This is made possible through the use of the biobased plastic PLA. After use, the splint can be composted. The bioplastic formulation was developed for the new product by the Fraunhofer Institute for Applied Polymer Research IAP (Potsdam, Germany). The innovative splint, called RECAST, was developed by injection molder Nölle Kunststofftechnik GmbH, based in Meschede, Germany.
In Germany alone, up to 1.5 million fractures have to be immobilized every year. In addition, there are probably two to four times as many immobilizations for other reasons – such as infections, strains or sprains- which go unrecorded. Conventional immobilization methods are usually uncomfortable, heavy, prone to odours, complicated to apply or energy intensive. Their shape cannot be adapted as the healing process progresses, nor are they biodegradable. As a result, they are responsible for producing up to 150 tonnes of waste per year.
The RECAST immobilisation concept
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Nölle Kunststofftechnik has therefore developed a new immobilisation concept, called RECAST, which makes use of variously sized preshaped splints made from biobased and biodegradable PLA. The splints are heated to between 55 and 65 °C. The temperature of the splints is then reduced to a minimum. The now formable plastic is molded to fit the corresponding part of the body. This process takes about five minutes. If corrections are necessary, the hardened splint can simply be reheated.
“We wanted to find a way for users in medical practices and hospitals to care for their patients more quickly, cleanly and, above all, on a more individual basis. For patients, we wanted to create a splint that would be significantly more comfortable and lighter,” explains Anselm Gröning, Managing Director of Nölle Kunststofftechnik GmbH. “At the same time, it was important for us to use a plastic that avoids waste, is biodegradable, affordable and non-toxic,” says Gröning
Material development with PLA – from disadvantage to advantage
The plastics processor worked closely with the polymer developers at the Fraunhofer IAP in Potsdam-Golm on the development of the optimum material. “The requirements that the material had to meet were complex. For example, it had to remain formable for only a half to three minutes and then become hard and stable at body temperature. It also had to be possible to readjust the shape several times,” explained Helmut Remde, head of the Processing Technology Center at the Fraunhofer IAP.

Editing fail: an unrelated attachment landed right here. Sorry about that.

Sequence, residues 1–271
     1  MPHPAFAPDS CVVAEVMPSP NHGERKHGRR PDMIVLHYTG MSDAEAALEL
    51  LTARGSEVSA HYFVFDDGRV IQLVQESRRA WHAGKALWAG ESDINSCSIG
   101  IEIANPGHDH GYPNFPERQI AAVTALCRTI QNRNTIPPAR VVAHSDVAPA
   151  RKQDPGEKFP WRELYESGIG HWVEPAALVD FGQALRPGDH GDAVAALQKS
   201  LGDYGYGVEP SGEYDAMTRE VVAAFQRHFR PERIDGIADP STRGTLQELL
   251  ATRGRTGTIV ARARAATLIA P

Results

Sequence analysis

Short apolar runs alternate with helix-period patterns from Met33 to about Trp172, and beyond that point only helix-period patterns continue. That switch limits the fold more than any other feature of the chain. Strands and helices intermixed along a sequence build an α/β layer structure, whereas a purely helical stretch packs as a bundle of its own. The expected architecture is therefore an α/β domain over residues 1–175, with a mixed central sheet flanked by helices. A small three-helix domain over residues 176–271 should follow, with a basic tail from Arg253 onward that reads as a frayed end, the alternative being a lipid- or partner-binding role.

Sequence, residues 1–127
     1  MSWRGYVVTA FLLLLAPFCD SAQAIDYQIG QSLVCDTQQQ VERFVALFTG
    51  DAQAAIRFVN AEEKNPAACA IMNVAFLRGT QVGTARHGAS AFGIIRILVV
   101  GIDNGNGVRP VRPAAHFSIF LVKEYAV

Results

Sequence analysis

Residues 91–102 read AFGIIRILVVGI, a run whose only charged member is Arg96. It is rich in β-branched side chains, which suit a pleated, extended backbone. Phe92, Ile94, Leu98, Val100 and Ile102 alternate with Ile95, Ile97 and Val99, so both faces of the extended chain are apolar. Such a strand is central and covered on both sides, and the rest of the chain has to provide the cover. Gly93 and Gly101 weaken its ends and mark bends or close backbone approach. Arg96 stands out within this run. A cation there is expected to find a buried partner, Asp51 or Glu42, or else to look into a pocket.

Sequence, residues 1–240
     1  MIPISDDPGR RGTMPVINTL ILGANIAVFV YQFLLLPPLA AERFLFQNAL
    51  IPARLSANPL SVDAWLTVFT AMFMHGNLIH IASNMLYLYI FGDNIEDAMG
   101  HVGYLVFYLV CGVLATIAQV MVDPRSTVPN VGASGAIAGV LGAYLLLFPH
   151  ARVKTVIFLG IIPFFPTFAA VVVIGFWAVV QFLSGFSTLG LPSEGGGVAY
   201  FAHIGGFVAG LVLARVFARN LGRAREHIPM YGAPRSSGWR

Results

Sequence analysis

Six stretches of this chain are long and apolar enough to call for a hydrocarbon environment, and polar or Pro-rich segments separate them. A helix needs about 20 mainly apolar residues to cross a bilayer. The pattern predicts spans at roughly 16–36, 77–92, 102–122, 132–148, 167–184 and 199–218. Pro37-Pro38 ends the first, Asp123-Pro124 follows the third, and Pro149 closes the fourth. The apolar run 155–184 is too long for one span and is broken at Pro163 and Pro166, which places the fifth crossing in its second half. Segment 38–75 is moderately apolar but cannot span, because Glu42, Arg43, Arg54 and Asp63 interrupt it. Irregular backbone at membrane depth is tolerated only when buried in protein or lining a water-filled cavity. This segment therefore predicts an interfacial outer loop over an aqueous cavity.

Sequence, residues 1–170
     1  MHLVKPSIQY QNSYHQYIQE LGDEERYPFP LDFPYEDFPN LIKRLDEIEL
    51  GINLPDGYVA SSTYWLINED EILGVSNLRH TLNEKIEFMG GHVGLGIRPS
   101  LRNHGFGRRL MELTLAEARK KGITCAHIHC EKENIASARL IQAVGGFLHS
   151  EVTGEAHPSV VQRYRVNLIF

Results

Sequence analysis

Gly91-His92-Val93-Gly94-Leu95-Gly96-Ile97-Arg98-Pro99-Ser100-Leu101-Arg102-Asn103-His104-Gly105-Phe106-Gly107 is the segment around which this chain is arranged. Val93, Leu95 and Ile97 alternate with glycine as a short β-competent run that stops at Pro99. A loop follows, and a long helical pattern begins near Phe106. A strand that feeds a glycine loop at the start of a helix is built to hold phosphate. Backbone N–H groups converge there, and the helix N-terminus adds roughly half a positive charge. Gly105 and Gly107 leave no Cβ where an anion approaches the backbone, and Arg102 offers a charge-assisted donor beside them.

The research team decided to use PLA as a base polymer, a bioplastic that has a major disadvantage for most applications: It becomes soft at around 58 °C. “The low thermal softening point of PLA is a great advantage when used as an orthopaedic splint. This means that the product can be shaped repeatedly and quickly by heating,” says Remde. The Fraunhofer researchers combined PLA with suitable fillers and developed a formulation that met all the requirements. In addition, they ensured that the material could also be produced in industry-relevant quantities.
Biodegradable PLA reduces plastic waste
The use of PLA has another decisive benefit: it is biodegradable. While the majority of common immobilising solutions generate large amounts of plastic waste, which is incinerated and disposed of in landfills, RECAST splints can be biologically degraded in industrial composters. “In this way, around 80 percent of waste could be avoided. 20 percent of the plastic waste could also be saved through the possibility of reuse alone,” explains Gröning. At present, however, this composting would only work when used in doctors’ surgeries or privately via the organic waste bin. Hospitals have their own waste concepts that do not provide for composting.
In order to make the splint even more comfortable for patients, RECAST products also feature a fleece padding made of PLA and viscose, which was developed jointly with the Saxon Textile Research Institute in Chemnitz. This, too, is biodegradable.
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